Meanwhile, Buddy was lying down on the grass and soon Whisper (I think - Janice, correct me if I'm wrong! I can't tell from the photo) meandered over and lowered himself down next to his favourite dog. Janice tells me those two have been friends since my twelve foster pigs first moved to the sanctuary - and they proved it by taking turns giving each other little sniffs or kisses as we all (Janice, me and the pigs) sat around chatting.
You don't smell like a pig!
And you don't smell like a dog! But we can still be fwiends!
I walked around the sanctuary giving more treats to the other pigs who were still in their roomy but muddy pens. One of Janice's big jobs for this summer (for which she could use many volunteers) will be to put loads of something - road mulch or pea gravel or board walk - on the paths between the pens and in the pens themselves. Well developed leg muscles and very tall rubber boots are a necessity there at the moment! Comet doesn't seem to mind, but Janice certainly does!
Iz a bit muddy, but you got any tweats fer me????
Carport Penny was having a nap in her nice big house, but agreed to stick her head out of a hole she had made in the blanket so I could take her photo. You may remember Penny could not even walk when she came to the sanctuary and she went through many health crises in her first year there. But now, she is a new pig - the excess weight is gone, her digestive tract is working just fine, and she trots all over the yard when she's not having a midday snooze.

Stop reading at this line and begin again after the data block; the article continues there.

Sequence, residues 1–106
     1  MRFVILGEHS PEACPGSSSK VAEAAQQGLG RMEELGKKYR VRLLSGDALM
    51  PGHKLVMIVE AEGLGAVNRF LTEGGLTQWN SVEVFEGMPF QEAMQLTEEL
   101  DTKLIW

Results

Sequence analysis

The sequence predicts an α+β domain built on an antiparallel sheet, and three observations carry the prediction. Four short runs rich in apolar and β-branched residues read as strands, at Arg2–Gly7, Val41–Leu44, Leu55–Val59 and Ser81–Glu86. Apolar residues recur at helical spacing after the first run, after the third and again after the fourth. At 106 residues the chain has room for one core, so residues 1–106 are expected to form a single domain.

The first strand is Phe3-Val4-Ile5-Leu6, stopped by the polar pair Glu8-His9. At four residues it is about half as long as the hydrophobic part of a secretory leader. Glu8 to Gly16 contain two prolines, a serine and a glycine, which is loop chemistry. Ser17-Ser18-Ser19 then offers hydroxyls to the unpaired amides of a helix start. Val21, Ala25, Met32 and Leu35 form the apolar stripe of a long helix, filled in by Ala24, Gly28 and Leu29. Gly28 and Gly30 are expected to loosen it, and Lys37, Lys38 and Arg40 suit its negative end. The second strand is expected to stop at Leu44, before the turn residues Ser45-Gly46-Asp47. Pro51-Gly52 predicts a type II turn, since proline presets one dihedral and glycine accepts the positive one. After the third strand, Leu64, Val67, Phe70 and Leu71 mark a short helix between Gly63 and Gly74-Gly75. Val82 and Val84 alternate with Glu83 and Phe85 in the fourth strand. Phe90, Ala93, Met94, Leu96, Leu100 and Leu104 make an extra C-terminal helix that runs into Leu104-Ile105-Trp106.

Pig in a blanketMouse, who had surgery to remove a huge tumour just about the time Janice moved to the new sanctuary, is still a house pig. That's what happens when you invite a pig inside to convalesce - they get to like it and decide to stay forever. Mouse is quite happy on her blanket in the living room, keeping company with Luke the cat, though she is also very quick to come into the kitchen or the great room when she hears our voices. A pig just never knows when a tasty snack might come her way.
Mouse and her friend Luke
Several dozen more photos and it was time to leave. Here's just a sampling of them:
Hi Foster Mama Snoutie up!
Got any more apples fer me?
May I have a treat? Or a scratch?